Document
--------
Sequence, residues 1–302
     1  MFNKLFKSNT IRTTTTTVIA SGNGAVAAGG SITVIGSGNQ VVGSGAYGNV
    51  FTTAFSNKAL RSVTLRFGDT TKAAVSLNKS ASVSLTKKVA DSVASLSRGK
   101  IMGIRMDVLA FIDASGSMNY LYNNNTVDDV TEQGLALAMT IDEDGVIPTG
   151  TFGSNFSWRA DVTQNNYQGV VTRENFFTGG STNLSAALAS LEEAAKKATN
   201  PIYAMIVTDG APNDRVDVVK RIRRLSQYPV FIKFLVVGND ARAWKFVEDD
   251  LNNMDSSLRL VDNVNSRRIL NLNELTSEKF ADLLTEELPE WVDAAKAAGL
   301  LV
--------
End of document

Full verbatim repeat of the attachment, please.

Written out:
Sequence, residues 1–302
     1  MFNKLFKSNT IRTTTTTVIA SGNGAVAAGG SITVIGSGNQ VVGSGAYGNV
    51  FTTAFSNKAL RSVTLRFGDT TKAAVSLNKS ASVSLTKKVA DSVASLSRGK
   101  IMGIRMDVLA FIDASGSMNY LYNNNTVDDV TEQGLALAMT IDEDGVIPTG
   151  TFGSNFSWRA DVTQNNYQGV VTRENFFTGG STNLSAALAS LEEAAKKATN
   201  PIYAMIVTDG APNDRVDVVK RIRRLSQYPV FIKFLVVGND ARAWKFVEDD
   251  LNNMDSSLRL VDNVNSRRIL NLNELTSEKF ADLLTEELPE WVDAAKAAGL
   301  LV